Wednesday, October 5, 2011

Is Small Business the Engine of Growth?

It is common for politicians and others to say that small businesses account for most job creation. This is somewhat misleading though. Many small businesses go out of business after a year or two, so that they are also responsible for a lost of job loss. A new working paper by Erik Hurst and Benjamin Wild Pugsley suggests that small businesses are small and do not account for a lot of new employment. They note that most small business owners are not the entrepreneurs that provide the "creative destruction" Schumpeter wrote about. Instead, most small business owners do not bring a new idea to the market and do not have a desire to grow large. Instead, many are starting small construction firms, a legal practice or small retail store or restaurant. The motive is often being one's own boss rather than starting the next Apple Corporation.

Most small businesses have no paid employees. For the state of Michigan, over half of all business establishments have fewer than five employees. The Small Business Administration provides regulations that determine the size limits for "small" businesses. A table of these limits for industries can be found here. The limits are given in revenues for some industries and in number of employees for some. For example, establishments in mining have employee limits of 500, while those in transportation manufacturing have limits of 1,000 employees.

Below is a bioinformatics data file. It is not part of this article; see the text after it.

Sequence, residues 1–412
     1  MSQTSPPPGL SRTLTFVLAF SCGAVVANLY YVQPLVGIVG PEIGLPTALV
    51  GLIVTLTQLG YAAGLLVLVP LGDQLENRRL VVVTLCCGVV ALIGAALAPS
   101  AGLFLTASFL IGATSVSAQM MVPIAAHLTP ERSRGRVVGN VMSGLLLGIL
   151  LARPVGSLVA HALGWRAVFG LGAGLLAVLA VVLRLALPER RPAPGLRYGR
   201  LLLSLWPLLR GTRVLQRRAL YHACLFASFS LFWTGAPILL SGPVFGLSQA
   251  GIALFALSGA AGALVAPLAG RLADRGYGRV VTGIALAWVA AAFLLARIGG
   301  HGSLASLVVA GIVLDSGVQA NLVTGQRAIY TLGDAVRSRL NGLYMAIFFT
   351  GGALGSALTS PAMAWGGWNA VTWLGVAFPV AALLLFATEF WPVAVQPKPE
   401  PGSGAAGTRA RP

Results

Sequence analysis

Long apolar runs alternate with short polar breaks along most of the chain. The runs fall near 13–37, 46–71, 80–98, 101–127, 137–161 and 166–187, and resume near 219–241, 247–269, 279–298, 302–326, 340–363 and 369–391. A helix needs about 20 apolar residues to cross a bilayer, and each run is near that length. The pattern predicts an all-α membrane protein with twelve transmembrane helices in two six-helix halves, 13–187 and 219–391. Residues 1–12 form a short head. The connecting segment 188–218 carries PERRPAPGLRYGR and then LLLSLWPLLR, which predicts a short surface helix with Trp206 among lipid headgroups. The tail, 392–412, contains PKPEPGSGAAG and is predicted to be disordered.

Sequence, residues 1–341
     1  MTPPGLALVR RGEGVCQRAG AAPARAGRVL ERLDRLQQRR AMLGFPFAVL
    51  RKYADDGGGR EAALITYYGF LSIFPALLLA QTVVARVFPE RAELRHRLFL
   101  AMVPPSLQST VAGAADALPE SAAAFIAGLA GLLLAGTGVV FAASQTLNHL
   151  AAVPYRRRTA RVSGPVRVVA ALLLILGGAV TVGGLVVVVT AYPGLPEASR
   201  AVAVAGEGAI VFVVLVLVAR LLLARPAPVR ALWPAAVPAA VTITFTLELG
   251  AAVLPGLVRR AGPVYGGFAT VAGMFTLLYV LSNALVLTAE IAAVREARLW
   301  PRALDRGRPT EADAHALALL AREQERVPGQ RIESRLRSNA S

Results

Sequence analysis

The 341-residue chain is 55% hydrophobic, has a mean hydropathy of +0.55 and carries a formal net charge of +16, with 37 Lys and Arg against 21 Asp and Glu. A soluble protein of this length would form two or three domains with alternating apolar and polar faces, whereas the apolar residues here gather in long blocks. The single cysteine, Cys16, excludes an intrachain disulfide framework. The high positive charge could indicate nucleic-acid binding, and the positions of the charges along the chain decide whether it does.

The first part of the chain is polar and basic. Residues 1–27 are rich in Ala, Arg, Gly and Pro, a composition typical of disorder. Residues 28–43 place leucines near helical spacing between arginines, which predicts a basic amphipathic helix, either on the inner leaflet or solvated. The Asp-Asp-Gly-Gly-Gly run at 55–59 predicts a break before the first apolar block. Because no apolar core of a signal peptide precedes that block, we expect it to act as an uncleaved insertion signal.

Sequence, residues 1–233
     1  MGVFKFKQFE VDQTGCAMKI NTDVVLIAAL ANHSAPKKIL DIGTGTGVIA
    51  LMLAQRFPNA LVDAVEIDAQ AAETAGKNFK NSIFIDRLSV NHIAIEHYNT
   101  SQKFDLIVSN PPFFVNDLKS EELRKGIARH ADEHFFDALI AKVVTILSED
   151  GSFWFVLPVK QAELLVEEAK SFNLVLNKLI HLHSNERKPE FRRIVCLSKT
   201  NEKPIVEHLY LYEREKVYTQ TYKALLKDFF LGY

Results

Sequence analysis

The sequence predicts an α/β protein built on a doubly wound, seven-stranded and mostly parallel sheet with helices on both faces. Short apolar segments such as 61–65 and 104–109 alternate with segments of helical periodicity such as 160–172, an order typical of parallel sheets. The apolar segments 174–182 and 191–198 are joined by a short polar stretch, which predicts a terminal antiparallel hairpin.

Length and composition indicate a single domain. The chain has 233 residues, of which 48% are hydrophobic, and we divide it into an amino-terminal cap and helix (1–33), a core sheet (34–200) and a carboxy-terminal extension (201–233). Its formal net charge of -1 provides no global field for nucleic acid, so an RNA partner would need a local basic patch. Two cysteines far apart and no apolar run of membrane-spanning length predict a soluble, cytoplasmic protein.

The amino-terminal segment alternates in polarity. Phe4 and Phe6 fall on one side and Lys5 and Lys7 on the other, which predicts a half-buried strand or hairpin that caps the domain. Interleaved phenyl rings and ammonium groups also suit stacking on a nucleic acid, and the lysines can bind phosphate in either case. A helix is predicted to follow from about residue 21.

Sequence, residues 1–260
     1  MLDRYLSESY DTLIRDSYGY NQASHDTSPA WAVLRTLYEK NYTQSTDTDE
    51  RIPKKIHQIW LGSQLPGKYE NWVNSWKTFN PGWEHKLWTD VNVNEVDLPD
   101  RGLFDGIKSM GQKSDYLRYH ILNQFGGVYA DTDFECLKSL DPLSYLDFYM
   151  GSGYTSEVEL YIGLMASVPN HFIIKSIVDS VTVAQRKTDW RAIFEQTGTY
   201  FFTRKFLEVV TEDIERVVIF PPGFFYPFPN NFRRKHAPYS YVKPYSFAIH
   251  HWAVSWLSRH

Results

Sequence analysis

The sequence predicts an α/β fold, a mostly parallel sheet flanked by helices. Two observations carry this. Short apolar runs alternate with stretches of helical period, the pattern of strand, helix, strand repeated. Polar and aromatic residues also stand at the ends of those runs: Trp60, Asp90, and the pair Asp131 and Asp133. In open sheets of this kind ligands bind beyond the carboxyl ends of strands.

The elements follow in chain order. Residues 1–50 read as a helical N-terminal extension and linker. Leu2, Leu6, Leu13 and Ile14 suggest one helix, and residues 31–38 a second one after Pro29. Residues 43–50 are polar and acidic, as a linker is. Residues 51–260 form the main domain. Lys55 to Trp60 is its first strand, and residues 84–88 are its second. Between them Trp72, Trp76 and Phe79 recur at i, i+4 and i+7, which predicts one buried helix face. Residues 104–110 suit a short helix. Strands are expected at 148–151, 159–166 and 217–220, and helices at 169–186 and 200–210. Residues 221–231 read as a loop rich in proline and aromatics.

Simple explanations of the economy or job growth generally miss the mark. But politicians often look for simple explanations and simple solutions. Promoting small business will not solve the employment problem. A better solution is to provide an environment that supports business activity regardless of the size of the firm.

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